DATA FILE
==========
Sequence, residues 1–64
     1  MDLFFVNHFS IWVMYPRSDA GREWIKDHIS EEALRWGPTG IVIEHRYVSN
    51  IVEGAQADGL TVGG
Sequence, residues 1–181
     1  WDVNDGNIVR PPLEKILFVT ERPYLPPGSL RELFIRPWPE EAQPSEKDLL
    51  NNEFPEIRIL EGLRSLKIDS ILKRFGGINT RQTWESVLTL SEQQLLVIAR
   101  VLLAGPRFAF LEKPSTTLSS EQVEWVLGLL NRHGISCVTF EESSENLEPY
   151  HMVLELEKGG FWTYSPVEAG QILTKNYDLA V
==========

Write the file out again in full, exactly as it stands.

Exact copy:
Sequence, residues 1–64
     1  MDLFFVNHFS IWVMYPRSDA GREWIKDHIS EEALRWGPTG IVIEHRYVSN
    51  IVEGAQADGL TVGG
Sequence, residues 1–181
     1  WDVNDGNIVR PPLEKILFVT ERPYLPPGSL RELFIRPWPE EAQPSEKDLL
    51  NNEFPEIRIL EGLRSLKIDS ILKRFGGINT RQTWESVLTL SEQQLLVIAR
   101  VLLAGPRFAF LEKPSTTLSS EQVEWVLGLL NRHGISCVTF EESSENLEPY
   151  HMVLELEKGG FWTYSPVEAG QILTKNYDLA V